The findings from the ABC analysis are used as a decision-making aid, so that the services, which are most in demand, will also be available first via the electronic identity. After the subjects participated in the ABC analysis, the first semi-structured interview was conducted with a questionnaire serving as support. The questions mainly referred to the e-services presented in the ABC analysis. On the one hand, the robustness of the findings from the ABC analysis were to be examined, and on the other hand it was to be determined whether, from the point of view of the participants, important services were not taken into account in the selection. The completed questionnaires show that the results from the ABC analysis can be assessed as robust and that, in addition to the services included in the ABC analysis, the security service providers (police, fire brigade, etc.) should also be taken into account when developing e-services for the Schaffhauser eID+.
As soon as the first semi-structured interview was completed, the subjects were asked to take part in a usability test. During the usability test, the subjects registered as application-users on their own and validated the Schaffhauser eID+ application using a test system that simulated validation through the residential registration office. The method of thinking-aloud was used, during which subjects should constantly express their thoughts verbally (Fox, Ericsson, Best, 2011). Subjects continuously commented on their actions and gave their ratings on various user interfaces of the application. These comments were logged and condensed in the form of suggestions for improvement as shown in Figure 2.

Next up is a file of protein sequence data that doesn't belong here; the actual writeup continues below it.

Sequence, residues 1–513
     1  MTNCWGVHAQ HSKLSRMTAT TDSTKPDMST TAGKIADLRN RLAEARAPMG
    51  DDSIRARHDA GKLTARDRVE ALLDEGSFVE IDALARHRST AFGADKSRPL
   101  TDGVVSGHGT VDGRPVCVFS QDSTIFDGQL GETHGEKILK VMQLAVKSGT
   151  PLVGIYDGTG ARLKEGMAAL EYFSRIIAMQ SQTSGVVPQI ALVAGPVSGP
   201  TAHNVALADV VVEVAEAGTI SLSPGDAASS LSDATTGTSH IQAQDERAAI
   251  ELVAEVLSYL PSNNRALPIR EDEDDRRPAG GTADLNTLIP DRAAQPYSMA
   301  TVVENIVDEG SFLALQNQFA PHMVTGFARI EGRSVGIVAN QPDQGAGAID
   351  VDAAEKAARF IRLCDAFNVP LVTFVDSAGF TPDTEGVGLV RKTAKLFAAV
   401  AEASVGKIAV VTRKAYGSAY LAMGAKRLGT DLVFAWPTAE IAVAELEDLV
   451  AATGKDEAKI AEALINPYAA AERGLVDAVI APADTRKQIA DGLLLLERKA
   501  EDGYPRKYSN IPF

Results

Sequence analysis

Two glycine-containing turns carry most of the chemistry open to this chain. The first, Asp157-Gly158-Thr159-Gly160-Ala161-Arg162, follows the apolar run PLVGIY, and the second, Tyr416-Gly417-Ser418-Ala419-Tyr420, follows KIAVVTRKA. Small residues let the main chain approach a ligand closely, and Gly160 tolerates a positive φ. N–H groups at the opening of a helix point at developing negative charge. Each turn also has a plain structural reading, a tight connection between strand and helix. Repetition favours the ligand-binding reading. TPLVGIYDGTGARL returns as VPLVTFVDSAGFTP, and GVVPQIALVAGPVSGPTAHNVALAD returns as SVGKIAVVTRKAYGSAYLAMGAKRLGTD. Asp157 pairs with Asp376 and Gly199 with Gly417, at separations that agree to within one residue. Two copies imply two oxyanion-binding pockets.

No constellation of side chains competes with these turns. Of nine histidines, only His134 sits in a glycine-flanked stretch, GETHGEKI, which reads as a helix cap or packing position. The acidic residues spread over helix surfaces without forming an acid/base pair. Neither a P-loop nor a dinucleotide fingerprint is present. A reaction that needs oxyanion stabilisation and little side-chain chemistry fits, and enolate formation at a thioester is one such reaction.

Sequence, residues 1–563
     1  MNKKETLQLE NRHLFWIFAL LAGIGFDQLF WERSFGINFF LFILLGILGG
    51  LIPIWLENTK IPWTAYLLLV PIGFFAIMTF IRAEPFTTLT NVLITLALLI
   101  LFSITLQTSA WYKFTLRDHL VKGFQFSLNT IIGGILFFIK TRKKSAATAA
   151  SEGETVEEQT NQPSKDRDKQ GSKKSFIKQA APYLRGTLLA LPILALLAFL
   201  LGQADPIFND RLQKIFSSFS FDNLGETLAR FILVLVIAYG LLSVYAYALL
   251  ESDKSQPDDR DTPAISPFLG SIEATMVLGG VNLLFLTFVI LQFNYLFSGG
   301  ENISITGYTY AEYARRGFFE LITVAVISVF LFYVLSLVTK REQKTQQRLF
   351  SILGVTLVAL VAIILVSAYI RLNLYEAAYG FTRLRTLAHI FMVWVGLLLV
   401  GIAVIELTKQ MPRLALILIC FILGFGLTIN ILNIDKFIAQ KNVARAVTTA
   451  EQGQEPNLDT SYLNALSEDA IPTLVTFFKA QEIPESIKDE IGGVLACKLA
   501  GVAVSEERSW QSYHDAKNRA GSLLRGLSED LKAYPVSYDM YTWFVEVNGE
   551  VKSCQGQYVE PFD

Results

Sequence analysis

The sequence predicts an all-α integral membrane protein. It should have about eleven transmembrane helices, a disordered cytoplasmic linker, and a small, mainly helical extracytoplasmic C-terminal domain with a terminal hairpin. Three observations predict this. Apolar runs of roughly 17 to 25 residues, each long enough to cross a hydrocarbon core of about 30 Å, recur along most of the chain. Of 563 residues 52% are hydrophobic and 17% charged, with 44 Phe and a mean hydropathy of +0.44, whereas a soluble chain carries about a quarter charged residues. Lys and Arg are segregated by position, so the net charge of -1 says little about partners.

The second questionnaire was distributed after the usability test and related to the Schaffhauser eID+ in general and specifically to the experience gained during the usability test. The questions also focused on acceptance of the Schaffhauser eID+. The user acceptance was examined using the technology acceptance model TAM developed by Fred Davis (Lee, Kozar & Larsen 2003). The perceptions of the two influencing factors usefulness and user-friendliness were evaluated. In addition, the evaluation of data security and the general acceptance of digital public services were surveyed in order to gain insights into the social acceptance of the Schaffhauser eID+ and to counter the criticism of the technology acceptance model TAM.
The results show that there is a high demand for digital public services (e-services). 22 participants (88%) would like to see a wide range of digital services. Trust in the data security of the Schaffhauser eID+, considered as one factor of social acceptance, is also high. 15 individuals (60%) trust the technology and 16 participants (64%) believe that their data is adequately protected when using the Schaffhauser eID+. When using the electronic identity, eleven individuals (44%) have no concerns about data protection. Six participants are indecisive and eight people have concerns about data protection. One person did not know an answer to this statement.